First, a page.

Pray lenten devotionals together each day as a family.

My favorite daily activity with the family evolved as a result of a Lenten resolution we made a few years ago when our girls were burgeoning into a deeper understanding of the Faith. Though still very young, they were enthusiastic and eager to learn new prayers and gather together each evening as a family.

There is something very centering, very grounding to make family prayer a daily practice. It keeps the familial focus on God, facilitates new conversations, and helps everyone in the home reflect on their day – what was good, what could be improved, what they’re sorry for, etc.

Start small if this is a new idea for your family. We started by praying a decade of the Rosary each night before bedtime. It took all of maybe eight minutes. Light a candle. Place a statue, icon, or framed prayer card as a focal point, and then vocalize your petitions (if you prefer). We do this, and we encourage our girls to do this every night. It is truly amazing to see what they care about and want to bring to God.

Maybe you will select a Lenten reading or Scripture verse to use for family prayer. Maybe the Divine Mercy chaplet works for your family. Or maybe you will offer petitions and conclude with a simple trio of Our Father, Hail Mary, Glory Be. There is no right or wrong way to do this. The point is to begin somewhere. Find something that you feel called to pray together, and stick with it. Make it realistic, like five or ten minutes to start, and you might discover – as we have, three years later – that you will gradually increase that time to twenty or thirty minutes together.

Pick a neighbor, family member, or friend to “adopt” this lent.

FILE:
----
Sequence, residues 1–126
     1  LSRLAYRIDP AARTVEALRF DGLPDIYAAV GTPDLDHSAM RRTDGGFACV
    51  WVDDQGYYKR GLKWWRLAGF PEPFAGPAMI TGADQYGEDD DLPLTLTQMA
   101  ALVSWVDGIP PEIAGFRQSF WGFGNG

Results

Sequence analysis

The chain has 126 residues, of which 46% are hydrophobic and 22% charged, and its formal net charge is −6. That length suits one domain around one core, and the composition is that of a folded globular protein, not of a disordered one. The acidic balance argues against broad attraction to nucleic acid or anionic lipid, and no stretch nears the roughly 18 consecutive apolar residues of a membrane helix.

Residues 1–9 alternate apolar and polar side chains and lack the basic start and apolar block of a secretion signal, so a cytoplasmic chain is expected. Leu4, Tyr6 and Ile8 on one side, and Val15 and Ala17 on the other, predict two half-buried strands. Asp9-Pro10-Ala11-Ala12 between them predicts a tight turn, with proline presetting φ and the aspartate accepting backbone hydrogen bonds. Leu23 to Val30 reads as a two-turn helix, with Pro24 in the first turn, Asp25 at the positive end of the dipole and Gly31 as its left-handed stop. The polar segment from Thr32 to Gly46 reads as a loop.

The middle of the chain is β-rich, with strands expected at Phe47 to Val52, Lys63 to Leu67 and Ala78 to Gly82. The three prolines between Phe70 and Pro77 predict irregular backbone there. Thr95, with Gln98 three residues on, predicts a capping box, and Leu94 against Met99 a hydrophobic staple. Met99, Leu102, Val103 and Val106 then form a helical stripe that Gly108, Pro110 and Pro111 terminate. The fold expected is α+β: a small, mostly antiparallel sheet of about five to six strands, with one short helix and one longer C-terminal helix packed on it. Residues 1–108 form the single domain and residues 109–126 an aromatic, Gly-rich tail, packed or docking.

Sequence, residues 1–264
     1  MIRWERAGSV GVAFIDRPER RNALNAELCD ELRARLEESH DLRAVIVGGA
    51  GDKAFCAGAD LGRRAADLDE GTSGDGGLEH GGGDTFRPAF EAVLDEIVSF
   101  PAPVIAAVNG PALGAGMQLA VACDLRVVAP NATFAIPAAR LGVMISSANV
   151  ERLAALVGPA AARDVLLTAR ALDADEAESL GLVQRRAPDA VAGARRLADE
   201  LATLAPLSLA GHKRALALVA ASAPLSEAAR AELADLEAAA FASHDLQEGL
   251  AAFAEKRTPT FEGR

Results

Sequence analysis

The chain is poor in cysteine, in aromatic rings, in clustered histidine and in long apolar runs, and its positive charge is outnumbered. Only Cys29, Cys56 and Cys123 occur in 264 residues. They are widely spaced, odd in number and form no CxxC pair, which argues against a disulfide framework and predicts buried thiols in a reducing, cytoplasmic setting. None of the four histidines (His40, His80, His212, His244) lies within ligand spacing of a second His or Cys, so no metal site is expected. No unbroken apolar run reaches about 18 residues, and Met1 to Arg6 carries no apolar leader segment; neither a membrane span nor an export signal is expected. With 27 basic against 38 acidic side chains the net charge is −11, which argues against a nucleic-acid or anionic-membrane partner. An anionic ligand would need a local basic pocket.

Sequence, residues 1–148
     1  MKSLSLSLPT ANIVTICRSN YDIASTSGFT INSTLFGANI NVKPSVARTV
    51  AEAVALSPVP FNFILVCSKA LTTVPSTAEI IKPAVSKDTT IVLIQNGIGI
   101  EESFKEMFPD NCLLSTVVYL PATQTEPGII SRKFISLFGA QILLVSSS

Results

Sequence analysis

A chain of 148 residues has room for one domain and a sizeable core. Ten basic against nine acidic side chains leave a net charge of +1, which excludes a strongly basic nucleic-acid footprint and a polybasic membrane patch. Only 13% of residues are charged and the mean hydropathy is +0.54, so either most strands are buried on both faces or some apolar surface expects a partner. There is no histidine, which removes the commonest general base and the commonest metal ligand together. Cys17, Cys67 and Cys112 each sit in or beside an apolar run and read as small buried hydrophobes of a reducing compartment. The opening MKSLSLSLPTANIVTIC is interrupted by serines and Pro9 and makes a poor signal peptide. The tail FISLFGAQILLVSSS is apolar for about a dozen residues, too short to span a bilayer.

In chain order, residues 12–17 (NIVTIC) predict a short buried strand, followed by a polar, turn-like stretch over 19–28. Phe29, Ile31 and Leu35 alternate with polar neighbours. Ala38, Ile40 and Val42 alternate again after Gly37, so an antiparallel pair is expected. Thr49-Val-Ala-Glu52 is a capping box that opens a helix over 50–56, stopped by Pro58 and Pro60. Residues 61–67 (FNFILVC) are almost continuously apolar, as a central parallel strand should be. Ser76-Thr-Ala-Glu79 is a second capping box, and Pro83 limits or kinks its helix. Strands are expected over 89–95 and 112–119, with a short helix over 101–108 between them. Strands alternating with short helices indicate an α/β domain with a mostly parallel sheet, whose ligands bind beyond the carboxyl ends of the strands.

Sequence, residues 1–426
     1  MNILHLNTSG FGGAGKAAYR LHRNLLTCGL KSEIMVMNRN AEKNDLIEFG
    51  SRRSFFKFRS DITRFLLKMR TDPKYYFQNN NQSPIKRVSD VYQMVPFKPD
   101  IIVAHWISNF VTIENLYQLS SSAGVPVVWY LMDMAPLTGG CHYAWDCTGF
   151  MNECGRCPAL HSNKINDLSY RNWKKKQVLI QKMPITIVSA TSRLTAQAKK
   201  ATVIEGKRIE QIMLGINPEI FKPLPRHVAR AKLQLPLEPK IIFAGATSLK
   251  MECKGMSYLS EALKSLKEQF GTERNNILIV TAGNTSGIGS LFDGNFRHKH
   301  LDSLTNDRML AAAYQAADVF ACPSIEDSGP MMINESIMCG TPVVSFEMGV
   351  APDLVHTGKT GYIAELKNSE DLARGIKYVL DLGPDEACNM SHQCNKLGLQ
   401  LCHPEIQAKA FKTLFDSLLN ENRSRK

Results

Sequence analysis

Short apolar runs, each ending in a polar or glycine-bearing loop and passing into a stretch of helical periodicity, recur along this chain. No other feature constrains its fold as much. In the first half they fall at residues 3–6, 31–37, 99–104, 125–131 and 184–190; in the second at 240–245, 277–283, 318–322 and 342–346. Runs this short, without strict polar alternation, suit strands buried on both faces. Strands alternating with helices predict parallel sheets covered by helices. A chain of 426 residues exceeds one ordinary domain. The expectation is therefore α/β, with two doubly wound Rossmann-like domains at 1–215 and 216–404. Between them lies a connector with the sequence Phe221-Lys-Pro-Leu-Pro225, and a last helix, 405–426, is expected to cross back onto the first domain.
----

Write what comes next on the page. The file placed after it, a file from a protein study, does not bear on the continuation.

We all can think of at least one person (probably more) who are in need of something – a visit, a phone call, a handwritten card or note, maybe even a meal or house cleaning. Discuss as a family at the beginning of Lent some people you know who might be homebound, lonely, sick or convalescing, disabled, or just moved or had a baby. Pray about each person and then select one to “adopt” this Lent.

First, make contact with the person and inquire about his or her life. What do they need right now? What’s going on in their life, or what is their schedule like? Let them know you’d like to spend some time with them.

The point is to build a relationship. Pope Francis frequently talks about the concept of “accompaniment.” What this essentially means is that we need to get back to carving specific time out of our increasingly busy lives in order to meet people where they are, listen to them, be with them, care about what matters to them. That’s the call of every Christian, and it will be a powerful witness to your children if you can do it as a family.

Again, be realistic and reasonable. Do what you feel you are able to do as a family. Talk to the person you want to “adopt” about your idea and see if there’s a particular weekend you might be able to come over and help clean. Maybe they need a ride to the grocery or a doctor’s appointment. A special card or craft made by the little ones, along with some homemade cookies or bread, is a simple way to bring some cheer, too.

Everything we do during Lent is intended to draw us nearer to each other as members of the Body of Christ. In turn, we draw closer to God. Try not to make Lent about rituals that come and go but something you can naturally make a permanent fixture in your family – like prayer or helping out a person in need. Be intentional. Make your time matter. Then Lent won’t seem like a dreaded season that comes and goes, leaving us right back where we were before. Instead, you will be changed, and so will your family.


How do you practice Lent with your family? Let us know in the comments!